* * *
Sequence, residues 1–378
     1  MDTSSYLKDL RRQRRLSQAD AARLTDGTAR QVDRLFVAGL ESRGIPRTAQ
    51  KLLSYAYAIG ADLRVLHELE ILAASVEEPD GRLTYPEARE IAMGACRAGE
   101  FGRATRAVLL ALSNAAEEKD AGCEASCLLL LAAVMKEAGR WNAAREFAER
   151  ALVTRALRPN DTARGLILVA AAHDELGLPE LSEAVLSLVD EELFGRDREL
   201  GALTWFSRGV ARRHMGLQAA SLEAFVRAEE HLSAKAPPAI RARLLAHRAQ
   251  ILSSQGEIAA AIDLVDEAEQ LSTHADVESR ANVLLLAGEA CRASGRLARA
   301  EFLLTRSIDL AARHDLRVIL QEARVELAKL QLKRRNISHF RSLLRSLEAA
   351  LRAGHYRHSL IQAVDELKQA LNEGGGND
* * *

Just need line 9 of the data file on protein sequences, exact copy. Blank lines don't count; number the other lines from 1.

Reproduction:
   351  LRAGHYRHSL IQAVDELKQA LNEGGGND